Today’s Reading: Titus 1 – Philemon 1
Today’s Reflection: Titus 2:11-12
For the grace of God has appeared, bringing salvation for all people, training us to renounce ungodliness and worldly passions, and to live self-controlled, upright, and godly lives in the present age,
What is this text saying?
This text explains the relationship between the salvation purchased for us by Jesus’ sacrifice on the cross, and our conduct as His followers. When we receive salvation it begins a transformative process within us, called sanctification, resulting in the development and expression of a selfless, disciplined, Christ-like character.
Why is it important?
This text is drawn from a letter written by the Apostle Paul to the young pastor Titus. In it Paul gives instruction on how to properly shepherd the churches under his authority, how to guide their conduct, how to teach and train their members, and how to select appropriate elders to oversee them.
In verses 1 to 10 of chapter two, Paul goes into some detail on acceptable behaviour within the church, highlighting the importance of the witness the church publicly presents to the world (verse 8). This leads into verses 11 and 12, showing that the church’s conduct collectively as the body of Christ flows out of the salvation received and the sanctification experienced by each member individually. It is because of the appearance of God’s grace that people can be transformed into disciples of Christ and become a community of believers capable of presenting a positive witness to non-believers.
How can I apply this?
1) Examine your status
Are you saved? It may seem like an odd question, or perhaps one that no one can definitively answer. However this is not what scripture tells us. If you can’t know if you are saved, why would scripture tell you to be diligent in making your call and election sure (2 Peter 1:10)? Why would it instruct you to work out your own salvation with fear and trembling (Philippians 2:12)? Salvation is a free gift that can only come from God through Jesus Christ (Ephesians 2:8-9), but your receipt of salvation is up to you (Romans 5:17). The grace of God has appeared to you. Have you accepted His gift? And are you making use of it?
2) Examine your progress
Are you being sanctified? Is your character being transformed and becoming more and more like Christ day by day? Are you more self-controlled? Upright? Godly? The answer will tell you if sanctification is a reality in your daily life or not. But how do you answer this question honestly and objectively? In addition to your relationship with God, you have been blessed with relationships with other people to help you see if you are truly becoming more like Christ. For it is through relationships with others that one can more clearly and accurately see their own character and its changes over time. These relationships also help to hold us accountable and keep us honest about ourselves. If you’re truly becoming more self-controlled, upright and godly, it will be impossible not to see it in your relationships with others. If you are not, don’t despair. God has begun a work in you and He will be faithful to complete it (Philippians 1:6), if you will submit to His authority and allow Him to do what only He can (Romans 12:1-2).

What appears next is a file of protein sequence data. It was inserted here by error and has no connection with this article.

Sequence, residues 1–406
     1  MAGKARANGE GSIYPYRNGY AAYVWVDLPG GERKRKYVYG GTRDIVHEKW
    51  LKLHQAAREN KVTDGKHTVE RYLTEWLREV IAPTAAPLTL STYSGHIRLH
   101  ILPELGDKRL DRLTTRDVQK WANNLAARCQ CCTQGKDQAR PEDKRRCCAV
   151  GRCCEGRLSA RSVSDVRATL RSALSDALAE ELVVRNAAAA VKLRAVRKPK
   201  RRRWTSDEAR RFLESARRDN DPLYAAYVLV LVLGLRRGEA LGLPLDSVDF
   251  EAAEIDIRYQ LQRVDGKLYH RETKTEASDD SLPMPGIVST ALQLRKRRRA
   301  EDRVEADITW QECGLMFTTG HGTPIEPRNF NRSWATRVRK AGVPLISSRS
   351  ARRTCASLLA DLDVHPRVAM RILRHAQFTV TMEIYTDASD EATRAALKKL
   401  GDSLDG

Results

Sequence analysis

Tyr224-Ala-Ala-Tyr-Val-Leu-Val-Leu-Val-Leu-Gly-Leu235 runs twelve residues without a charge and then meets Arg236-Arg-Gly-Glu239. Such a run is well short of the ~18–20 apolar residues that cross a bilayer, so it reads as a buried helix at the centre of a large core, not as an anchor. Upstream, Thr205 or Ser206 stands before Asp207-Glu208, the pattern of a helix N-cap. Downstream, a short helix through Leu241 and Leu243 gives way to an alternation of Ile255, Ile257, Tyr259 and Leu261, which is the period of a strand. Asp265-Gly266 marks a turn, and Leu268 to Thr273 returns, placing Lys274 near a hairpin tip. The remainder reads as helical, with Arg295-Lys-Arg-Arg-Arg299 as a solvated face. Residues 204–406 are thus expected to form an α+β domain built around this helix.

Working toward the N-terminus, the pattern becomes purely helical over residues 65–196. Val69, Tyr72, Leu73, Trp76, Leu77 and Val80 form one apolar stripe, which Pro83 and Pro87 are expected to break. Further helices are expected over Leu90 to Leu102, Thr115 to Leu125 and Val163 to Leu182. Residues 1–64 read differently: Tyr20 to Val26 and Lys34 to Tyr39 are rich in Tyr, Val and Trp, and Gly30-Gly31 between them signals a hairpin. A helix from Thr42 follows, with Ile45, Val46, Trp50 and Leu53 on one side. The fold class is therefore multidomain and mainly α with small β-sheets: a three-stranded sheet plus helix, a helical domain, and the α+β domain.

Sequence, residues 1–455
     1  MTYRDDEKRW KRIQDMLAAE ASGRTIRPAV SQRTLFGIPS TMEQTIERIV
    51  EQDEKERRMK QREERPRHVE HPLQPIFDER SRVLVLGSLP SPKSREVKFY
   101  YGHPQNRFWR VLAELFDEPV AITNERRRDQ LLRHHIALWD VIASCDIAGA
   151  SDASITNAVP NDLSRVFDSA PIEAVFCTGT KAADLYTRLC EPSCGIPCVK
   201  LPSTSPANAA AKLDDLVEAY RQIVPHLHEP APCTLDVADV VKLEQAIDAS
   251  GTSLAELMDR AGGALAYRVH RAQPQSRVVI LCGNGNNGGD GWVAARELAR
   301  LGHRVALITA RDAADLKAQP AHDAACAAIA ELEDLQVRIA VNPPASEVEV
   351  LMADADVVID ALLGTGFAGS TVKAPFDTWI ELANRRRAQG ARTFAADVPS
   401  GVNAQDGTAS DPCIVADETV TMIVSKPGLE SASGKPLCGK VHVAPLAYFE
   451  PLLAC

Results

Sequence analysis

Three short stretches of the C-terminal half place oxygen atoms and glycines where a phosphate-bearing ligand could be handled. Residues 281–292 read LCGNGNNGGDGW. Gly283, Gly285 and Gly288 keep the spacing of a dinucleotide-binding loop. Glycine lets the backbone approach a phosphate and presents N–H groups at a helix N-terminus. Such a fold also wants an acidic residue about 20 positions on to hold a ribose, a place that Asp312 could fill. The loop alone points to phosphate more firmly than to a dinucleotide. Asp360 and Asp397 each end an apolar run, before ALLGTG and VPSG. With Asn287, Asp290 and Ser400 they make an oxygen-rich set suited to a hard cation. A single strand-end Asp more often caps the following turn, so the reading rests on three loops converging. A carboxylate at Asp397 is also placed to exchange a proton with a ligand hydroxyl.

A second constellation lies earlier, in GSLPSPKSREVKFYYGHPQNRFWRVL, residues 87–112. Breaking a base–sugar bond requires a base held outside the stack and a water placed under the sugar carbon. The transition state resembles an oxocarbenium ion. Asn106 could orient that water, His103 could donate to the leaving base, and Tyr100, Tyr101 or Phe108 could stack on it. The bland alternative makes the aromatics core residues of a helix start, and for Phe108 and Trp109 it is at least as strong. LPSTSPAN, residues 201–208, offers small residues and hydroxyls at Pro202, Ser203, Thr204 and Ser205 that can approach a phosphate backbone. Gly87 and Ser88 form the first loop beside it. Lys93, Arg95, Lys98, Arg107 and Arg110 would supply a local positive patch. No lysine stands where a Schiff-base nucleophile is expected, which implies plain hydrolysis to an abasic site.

3) Examine your church body
Is your church a good witness of Christ-like character? Titus chapter 2:2-7 outlines several traits people within a church ought to exemplify, among them: sober-mindedness, dignity, self-control, faithfulness, love, steadfastness, reverence, no slanderous speech, teaching that which is good, modeling good works, demonstrating integrity. It may be a tough question, it may be uncomfortable, but you have to ask, does your church exemplify these characteristics?
You have to ask this question because the grace of God has not appeared just for your sake, or the sake of the members of your church, but for all people. And if your church is to fulfill its purpose and function as a vehicle for showing this grace to the world, it must reflect a truly Christ-like character. This is one reason Paul is so concerned that the opponents of the church have nothing evil to say about them (Titus 2:8).
If your church isn’t striving to meet this ideal, don’t think to condemn them or to automatically leave that congregation. If there was a perfect church, it probably wouldn’t accept you as a member (I know I couldn’t get in). So first look at yourself honestly and see if you have been contributing to your church body’s dysfunction (perhaps by merely refusing to recognize and confront the issues present there). Next see what you can do to help repair it’s condition. Get your own spiritual life in order (see points 1 and 2), and commit to do all you can to aid your church in being the witness God needs it to be to effectively lift up Christ, so all men may be drawn to Him (John 12:32).